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B. Niemiec1
1Veterinary Dental Specialties and Oral Surgery, Dentistry, San Diego, USA
Feline Tooth resorption (TR)
TRs are a very common malady. Reports vary as to their incidence, but approximately 60% of cats over 6 years of age have at least one, and those that have one typically have more. These lesions are caused by odontoclasts which are cells that are responsible for the normal remodelling of tooth structure. These cells are activated and do not down regulate, resulting in tooth destruction.
There are currently two recognized forms of resorptive lesions, type 1 and type 2. Clinically, they appear
very similar, as dental defects that are first noted at
the gingival margin. However, advanced cases will show significant tooth destruction and may appear
to be a fractured tooth. The best diagnostic tool for differentiating between types is dental radiology. With type 1 lesions, there is no replacement of the lost root structure by bone, whereas with type 2 there is generally marked replacement of the lost tooth structure.
Type 1 TRs are typically associated with inflammation such as caudal stomatitis or periodontal disease. In these cases, it is thought that the soft tissue inflammation has activated the odontoclasts. The inciting cause of class
1 lesions is a cemental defect. Odontoclasts move in
and destroy the dentin, leading to secondary enamel loss and a resorption lacuna. The weakened crown will eventually fracture, and in these cases the root canal system stays intact resulting in continued pain and infection for the patient.
Type 2 lesions are generally seen in otherwise healthy mouths; however the lesions will create local gingivitis. The etiology of type 2 TRs remains unproven. The two major current theories are abfraction injuries from eating hard food and excess vitamin D in the diet. Type 2 TRs show histological evidence of simultaneous repair of the defect by osteoblasts at the same time that tooth is being resorbed by odontoclasts.
Historically, restoration was a recommended therapy, however due to the progressive nature of the disease; extraction is now the treatment of choice. Extractions can be very difficult in these cases due to tooth weakening and ankylosis. Additionally, in some cases, there is little to no tooth structure remaining. In cases with significant weakening and or ankylosis, performing the extractions via a surgical approach is recommended to speed the procedure and decrease the incidence of fractured and retained roots.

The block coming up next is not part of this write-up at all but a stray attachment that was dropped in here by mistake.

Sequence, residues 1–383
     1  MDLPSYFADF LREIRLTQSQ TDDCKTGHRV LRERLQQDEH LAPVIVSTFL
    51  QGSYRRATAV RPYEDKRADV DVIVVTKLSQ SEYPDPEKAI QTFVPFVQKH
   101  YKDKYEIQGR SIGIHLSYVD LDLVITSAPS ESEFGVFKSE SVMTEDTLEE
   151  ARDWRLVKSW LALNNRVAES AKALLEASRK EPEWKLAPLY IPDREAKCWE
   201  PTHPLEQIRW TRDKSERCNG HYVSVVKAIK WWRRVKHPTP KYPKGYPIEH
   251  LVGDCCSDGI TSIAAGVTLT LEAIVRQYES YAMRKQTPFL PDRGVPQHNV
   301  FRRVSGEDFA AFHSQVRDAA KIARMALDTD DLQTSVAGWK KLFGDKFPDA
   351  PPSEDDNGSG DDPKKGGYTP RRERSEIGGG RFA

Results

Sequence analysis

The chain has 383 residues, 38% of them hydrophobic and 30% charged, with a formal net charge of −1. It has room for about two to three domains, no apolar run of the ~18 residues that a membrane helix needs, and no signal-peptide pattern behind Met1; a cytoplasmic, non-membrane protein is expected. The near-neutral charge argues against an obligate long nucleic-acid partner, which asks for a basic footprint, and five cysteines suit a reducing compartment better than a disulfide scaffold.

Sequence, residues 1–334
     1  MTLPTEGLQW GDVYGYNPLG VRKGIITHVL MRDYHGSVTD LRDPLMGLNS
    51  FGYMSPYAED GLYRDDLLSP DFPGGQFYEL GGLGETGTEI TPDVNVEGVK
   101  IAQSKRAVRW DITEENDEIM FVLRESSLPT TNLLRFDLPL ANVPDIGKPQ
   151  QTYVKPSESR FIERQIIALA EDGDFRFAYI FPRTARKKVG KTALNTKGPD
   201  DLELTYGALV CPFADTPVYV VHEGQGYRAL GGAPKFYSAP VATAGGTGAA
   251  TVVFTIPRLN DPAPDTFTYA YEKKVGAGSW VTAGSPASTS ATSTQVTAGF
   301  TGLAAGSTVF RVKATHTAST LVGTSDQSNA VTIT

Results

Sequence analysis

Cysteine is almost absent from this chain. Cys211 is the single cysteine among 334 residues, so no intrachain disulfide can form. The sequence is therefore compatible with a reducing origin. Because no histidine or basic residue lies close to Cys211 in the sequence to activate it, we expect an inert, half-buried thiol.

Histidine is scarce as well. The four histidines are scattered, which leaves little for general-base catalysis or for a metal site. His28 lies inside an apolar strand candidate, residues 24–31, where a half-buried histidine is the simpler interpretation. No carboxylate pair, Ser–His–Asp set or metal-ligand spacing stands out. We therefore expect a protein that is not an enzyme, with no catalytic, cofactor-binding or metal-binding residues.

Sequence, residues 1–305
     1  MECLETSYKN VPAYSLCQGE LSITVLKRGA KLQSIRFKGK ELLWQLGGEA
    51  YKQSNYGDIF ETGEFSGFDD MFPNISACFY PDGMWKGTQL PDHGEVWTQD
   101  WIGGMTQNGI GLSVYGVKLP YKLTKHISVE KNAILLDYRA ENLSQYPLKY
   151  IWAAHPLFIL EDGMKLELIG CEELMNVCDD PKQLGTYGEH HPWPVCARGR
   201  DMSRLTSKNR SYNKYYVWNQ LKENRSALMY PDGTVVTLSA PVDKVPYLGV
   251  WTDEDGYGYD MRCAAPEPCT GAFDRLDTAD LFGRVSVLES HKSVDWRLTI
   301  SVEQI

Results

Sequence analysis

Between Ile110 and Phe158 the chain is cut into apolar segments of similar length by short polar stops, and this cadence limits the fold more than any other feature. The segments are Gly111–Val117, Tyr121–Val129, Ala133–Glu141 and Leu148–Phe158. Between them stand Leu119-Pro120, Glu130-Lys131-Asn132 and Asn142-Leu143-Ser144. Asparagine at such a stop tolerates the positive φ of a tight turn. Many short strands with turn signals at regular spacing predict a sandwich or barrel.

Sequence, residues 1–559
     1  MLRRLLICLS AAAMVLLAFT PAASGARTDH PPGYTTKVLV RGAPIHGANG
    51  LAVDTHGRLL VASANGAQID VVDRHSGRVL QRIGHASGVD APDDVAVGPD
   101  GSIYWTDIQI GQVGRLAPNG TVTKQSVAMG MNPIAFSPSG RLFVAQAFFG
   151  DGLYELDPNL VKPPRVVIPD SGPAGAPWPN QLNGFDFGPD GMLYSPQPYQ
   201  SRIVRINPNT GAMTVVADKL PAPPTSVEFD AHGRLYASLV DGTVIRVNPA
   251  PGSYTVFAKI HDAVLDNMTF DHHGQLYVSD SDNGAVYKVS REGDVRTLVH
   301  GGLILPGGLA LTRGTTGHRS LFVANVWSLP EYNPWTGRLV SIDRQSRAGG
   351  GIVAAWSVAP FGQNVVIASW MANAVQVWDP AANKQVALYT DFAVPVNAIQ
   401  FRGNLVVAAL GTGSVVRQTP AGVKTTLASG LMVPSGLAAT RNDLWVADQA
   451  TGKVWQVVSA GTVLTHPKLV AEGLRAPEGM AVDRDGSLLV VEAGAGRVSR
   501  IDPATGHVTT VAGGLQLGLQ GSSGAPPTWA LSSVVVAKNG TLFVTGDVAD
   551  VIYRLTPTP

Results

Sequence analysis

Recently, crown amputation has been suggested as an acceptable treatment option for advanced type 2 lesions as it results in significantly less trauma and faster healing than complete extraction. This procedure, although widely accepted, is still controversial. Most veterinary dentists employ this technique, however in widely varying frequency. Veterinary dentists typically employ this treatment option only when there is significant or complete root replacement by bone. Unfortunately, the majority of general practitioners use this technique far too often. Crown amputation should only be performed on teeth with radiographically confirmed advanced type 2 TRs which show no peri-apical or periodontal bone loss. Crown amputation should not be performed on teeth with: type 1 TRs, radiographic or clinical evidence of endodontic or periodontal pathology, inflammation,
or infection; or in patients with L/P stomatitis. Those practitioners without dental radiology capability SHOULD NOT perform crown amputation. In these cases, the teeth should either be fully extracted or the patient referred to a facility with dental radiology.
Fractured teeth
This is very similar to canine endodontics. However, true fractures are rare in any teeth except the canines. Teeth with direct pulp exposure are painful and/or infected
and require root canal therapy or extraction. Root canal therapy is always recommended if possible as extraction of the maxillary canines is challenging and maxillary canine extraction carries a high risk of lip catching. (see below).
There are two main differences between dogs and cats with regard to endodontic disease. First, the pulp chamber of the canine teeth extends very close to the cussp tip. This means that any fracture (no matter how small) is suspect for endodontic disease. Anesthesia for careful probing and dental radiographs should be performed for any fracture. Secondly, cats will tend to resorb the root apex when a tooth has a chronic infection.
Lip trauma following maxillary canine extraction
In my experience, approximately 1/3 of cats that have maxillary cuspids extracted surgically will develop lip trauma from the mandibular canine. For this reason, we try to avoid extracting maxillary canines when possible preferring to perform root canal therapy or periodontal surgery if indicated.
Many of these cats will show no clinical signs, however if the lip is examined, ulcers will be present. These cats are painful and are in need of therapy. Other patients may show mild to severe evidence of discomfort.
The options for therapy include coronal amputation and vital pulp therapy or extraction of the offending mandibular canine.
Case report: “Sid” had both maxillary canines extracted elsewhere due to periodontal disease. He presented with
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